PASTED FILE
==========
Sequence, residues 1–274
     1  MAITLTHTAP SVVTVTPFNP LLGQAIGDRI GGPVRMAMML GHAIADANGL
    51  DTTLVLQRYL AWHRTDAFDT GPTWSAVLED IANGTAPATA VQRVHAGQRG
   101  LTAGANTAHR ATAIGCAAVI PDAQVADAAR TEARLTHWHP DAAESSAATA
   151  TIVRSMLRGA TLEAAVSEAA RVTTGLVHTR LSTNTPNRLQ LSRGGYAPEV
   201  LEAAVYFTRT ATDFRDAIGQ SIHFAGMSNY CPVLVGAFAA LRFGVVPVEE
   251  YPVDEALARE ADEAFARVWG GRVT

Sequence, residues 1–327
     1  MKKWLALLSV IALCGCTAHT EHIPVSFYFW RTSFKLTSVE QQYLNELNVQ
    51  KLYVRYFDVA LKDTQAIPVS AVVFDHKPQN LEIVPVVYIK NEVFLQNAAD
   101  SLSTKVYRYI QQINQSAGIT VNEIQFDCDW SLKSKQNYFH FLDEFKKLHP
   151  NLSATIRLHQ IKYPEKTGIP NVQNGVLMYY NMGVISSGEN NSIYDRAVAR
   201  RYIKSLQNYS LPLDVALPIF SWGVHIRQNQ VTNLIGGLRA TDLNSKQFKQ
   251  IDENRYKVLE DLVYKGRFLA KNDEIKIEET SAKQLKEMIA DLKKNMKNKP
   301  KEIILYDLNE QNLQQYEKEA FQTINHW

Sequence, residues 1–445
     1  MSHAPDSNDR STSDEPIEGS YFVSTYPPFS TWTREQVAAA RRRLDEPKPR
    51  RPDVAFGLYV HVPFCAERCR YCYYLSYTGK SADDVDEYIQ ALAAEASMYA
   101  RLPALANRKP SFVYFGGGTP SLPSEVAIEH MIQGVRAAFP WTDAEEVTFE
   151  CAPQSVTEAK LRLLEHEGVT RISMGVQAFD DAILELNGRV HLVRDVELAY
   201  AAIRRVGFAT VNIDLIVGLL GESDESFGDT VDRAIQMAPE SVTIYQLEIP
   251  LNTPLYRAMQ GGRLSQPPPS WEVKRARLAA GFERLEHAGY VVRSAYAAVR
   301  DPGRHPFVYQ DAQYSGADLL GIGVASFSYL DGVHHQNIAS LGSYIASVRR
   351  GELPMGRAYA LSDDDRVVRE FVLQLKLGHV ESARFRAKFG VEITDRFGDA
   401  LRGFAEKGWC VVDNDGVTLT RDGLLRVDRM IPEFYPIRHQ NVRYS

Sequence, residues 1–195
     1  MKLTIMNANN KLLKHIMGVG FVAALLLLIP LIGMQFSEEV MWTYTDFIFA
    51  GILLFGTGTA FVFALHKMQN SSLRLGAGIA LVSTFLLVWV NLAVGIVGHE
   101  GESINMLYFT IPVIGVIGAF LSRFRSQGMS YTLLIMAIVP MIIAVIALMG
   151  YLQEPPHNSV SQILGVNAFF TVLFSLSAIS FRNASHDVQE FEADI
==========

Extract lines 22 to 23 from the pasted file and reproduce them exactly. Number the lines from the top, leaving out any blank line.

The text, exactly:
   251  LNTPLYRAMQ GGRLSQPPPS WEVKRARLAA GFERLEHAGY VVRSAYAAVR
   301  DPGRHPFVYQ DAQYSGADLL GIGVASFSYL DGVHHQNIAS LGSYIASVRR